“Big Data.” The concept seems to be on the minds and lips of those even remotely interested in business trends in the 21st century. And yet, as alluded to by Matthew Quint, director of Columbia University’s Center on Global Brand Leadership, the reality of Big Data is often misunderstood. During his presentation, the fourth in the five-part Transforming Architectural Practice Series, Quint presented case studies of data usage by corporations, debunked myths about data, and outlined a compelling case for the value of data collection and analysis in architectural practice.
Quint pointed out that data is all around us. It is collected by every mobile phone, appliance, and surveillance camera in the world. The Internet alone generates incalculable reams of it. In and of itself, however, this information has no practical use. It is only noteworthy once it has been parsed, organized, cross-referenced, cleaned, and securely stored. Quint suggested it is only then that data becomes Big Data that can be used to generate a better product or service.
To illustrate the relevance of this type of information, Quint quoted from an article in the Harvard Business Review by Erik Brynjolfsson and Andrew McAfee: “The evidence is clear: data-driven decisions tend to be better decisions. In sector after sector, companies that embrace this fact will pull away from their rivals.” And yet, a recent study by David Rogers and Don Sexton suggests that, in spite of understanding the necessity for data analysis, many companies simply are not doing this crucial work. The reasons for failing to collect and analyze data are myriad, but some examples include not having enough data to begin with or simply not being able to tie information to specific customer preferences and habits.
Quint also addressed another potential motivation for reticence to collect data: once acquired, it can be deployed inappropriately or even stolen, resulting in public criticism and an attendant loss of consumer confidence. He mentioned several controversies that have embroiled Target. In February of 2012, an article published in The New York Times revealed that the company’s data analysis had accurately predicted customer behavior and life changes based on past purchasing trends. Consequently, direct-mail marketing materials sent to specific consumers sometimes infringed upon privacy. For instance, a father was shocked to learn of his teenage daughter’s pregnancy from Target mailers, addressed to her, that contained coupons for baby care merchandise. To make matters worse, during the 2013 holiday shopping season, Target was the subject of a massive and coordinated data theft which resulted in the loss of sensitive information from 40 million accounts.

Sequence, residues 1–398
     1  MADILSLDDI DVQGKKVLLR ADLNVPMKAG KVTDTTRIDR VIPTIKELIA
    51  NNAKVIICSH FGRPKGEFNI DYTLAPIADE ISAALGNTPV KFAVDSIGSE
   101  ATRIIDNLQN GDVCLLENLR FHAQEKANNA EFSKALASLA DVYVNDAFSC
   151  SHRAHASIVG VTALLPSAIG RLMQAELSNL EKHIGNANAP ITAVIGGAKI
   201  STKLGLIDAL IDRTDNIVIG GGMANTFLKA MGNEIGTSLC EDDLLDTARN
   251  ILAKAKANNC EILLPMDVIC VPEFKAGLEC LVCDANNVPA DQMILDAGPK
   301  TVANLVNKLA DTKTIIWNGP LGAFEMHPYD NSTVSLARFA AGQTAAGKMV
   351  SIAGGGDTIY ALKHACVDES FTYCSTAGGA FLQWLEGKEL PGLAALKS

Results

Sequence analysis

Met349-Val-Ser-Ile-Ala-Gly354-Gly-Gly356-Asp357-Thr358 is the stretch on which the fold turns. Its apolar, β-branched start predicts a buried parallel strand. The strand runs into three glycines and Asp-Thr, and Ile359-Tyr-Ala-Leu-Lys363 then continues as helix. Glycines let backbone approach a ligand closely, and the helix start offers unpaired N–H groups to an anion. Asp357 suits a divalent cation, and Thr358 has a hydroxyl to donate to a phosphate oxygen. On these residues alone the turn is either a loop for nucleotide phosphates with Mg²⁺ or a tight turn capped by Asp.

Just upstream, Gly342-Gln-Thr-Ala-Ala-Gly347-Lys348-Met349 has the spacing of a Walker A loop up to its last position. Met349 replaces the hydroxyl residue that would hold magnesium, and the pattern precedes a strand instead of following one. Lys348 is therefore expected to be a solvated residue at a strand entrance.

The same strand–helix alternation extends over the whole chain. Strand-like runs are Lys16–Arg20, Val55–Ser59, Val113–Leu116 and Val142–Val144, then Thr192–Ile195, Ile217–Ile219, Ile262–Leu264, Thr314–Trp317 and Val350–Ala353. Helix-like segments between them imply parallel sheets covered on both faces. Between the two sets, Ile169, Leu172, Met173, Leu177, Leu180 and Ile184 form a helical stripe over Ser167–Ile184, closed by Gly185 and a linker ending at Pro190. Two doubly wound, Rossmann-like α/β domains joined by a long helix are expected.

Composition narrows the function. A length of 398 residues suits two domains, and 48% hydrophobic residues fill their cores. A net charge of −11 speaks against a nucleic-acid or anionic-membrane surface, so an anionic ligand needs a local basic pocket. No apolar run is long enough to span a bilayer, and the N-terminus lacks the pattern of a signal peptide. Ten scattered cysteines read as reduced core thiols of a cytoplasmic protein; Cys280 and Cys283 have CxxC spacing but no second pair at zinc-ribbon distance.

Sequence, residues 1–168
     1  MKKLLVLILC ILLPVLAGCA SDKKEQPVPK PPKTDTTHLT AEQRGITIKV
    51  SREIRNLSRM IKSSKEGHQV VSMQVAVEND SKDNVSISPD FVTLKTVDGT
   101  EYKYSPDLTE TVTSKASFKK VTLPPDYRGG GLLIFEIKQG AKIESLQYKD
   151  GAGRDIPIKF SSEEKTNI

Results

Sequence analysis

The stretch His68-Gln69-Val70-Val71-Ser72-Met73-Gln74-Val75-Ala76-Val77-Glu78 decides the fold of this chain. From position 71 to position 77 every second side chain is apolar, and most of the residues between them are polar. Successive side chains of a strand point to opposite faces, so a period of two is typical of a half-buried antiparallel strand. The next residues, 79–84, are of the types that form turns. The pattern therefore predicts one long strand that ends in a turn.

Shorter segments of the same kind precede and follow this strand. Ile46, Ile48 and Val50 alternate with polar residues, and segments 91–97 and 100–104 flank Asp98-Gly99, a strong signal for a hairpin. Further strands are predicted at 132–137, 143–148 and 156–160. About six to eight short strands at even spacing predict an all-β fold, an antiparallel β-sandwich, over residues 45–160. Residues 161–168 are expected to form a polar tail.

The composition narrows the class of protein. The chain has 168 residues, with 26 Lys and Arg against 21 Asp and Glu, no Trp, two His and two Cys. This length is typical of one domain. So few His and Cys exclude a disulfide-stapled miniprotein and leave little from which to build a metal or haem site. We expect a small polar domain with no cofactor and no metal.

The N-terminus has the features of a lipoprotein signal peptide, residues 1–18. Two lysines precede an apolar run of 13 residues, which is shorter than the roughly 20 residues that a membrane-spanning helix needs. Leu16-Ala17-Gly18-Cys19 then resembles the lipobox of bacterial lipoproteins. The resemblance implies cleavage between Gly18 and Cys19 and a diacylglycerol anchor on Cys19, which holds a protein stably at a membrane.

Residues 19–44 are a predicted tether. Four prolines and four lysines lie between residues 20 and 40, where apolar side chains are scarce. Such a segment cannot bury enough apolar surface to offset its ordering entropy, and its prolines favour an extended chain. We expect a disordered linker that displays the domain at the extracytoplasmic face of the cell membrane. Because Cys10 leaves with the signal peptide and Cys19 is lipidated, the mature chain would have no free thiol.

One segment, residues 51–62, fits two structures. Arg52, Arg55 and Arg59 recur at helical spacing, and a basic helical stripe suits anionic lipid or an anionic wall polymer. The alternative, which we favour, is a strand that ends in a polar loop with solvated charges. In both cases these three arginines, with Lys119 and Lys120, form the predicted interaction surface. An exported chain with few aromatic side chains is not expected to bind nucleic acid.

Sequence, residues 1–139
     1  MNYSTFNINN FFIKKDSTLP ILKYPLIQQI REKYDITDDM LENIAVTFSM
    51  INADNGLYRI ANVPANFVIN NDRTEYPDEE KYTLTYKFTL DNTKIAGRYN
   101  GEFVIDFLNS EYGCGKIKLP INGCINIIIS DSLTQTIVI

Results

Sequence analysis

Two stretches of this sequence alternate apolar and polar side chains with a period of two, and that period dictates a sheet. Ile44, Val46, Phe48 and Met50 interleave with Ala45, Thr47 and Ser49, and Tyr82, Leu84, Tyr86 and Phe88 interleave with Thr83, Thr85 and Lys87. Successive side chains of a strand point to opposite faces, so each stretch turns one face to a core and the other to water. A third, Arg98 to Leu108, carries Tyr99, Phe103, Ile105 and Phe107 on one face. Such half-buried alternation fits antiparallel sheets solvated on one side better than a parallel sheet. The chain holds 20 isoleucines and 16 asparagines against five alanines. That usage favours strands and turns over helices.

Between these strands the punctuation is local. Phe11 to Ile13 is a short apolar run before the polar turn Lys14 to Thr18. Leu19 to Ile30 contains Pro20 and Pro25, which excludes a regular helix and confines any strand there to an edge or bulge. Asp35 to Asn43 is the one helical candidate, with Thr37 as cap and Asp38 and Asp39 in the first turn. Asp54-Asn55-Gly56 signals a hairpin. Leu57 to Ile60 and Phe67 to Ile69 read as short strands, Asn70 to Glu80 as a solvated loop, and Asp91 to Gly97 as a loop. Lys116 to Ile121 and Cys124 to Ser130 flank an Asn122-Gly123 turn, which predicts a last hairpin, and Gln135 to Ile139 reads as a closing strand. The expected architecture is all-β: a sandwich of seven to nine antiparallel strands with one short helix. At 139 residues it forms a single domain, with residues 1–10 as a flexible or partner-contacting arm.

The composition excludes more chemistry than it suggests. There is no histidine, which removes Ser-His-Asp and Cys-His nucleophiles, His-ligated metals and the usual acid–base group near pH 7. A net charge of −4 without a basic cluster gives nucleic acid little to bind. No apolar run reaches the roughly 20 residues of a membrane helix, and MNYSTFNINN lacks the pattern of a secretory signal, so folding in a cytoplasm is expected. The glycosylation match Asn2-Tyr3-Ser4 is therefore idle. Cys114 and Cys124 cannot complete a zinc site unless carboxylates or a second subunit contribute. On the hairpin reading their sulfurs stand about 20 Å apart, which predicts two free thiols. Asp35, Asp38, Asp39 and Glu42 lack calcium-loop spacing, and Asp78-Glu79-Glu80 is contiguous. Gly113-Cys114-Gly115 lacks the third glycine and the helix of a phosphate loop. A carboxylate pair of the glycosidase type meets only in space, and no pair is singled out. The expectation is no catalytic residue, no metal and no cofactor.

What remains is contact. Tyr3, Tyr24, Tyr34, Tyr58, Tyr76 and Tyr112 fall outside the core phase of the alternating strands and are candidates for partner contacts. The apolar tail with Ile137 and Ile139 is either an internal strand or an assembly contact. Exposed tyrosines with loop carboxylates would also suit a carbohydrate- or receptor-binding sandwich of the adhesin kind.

Despite the ethical issues involved in data analysis, this practice can still be a powerful force for good. Quint was able to find a handful of excellent case studies of architects and engineers using readily-available information to generate better design solutions. For instance, Sasaki Associates was engaged by Brown University to assist in determining the location of a new engineering building. After studying student and faculty movements and collaborations, the planners came to the conclusion that constructing the facility within the traditional campus would better serve the university’s educational core mission, rather than positioning it off-campus on a site that was less culturally and intellectually interconnected.
Although the analysis of information is not a novel concept within the design fields, it has assumed greater prevalence, and greater authority, as computational power has grown. In the past, architects had to rely on painstaking head counts or space-usage studies, which took many months to process and came to limited conclusions due to small sample sizes. Today, however, a designer can run massive quantities of available data through algorithms that spit out results in hours. Clearly, there is great power in using these tools. However, architects must still make sure to use them responsibly, and to exercise good judgment when doing so. The influence of Big Data must not trump that of common sense or nuanced human logic.
Matt Shoor, AIA, NCARB, LEED AP BD+C, is an architect, writer, and educator currently employed by Macrae-Gibson Architects. He is a frequent contributor to e-Oculus, and can be reached at firstname.lastname@example.org.
Event: Transforming Architectural Practice Series: Measure of Be Measured – Marketing in the Digital Era
Location: Center for Architecture, 05.12.14
Speaker: Matthew Quint, Director, Center on Global Brand Leadership, Columbia Business School; and Melissa Marsh, Founder and CEO, Plastarc (moderator)
Organizers: AIANY Chapter Professional Practice Committee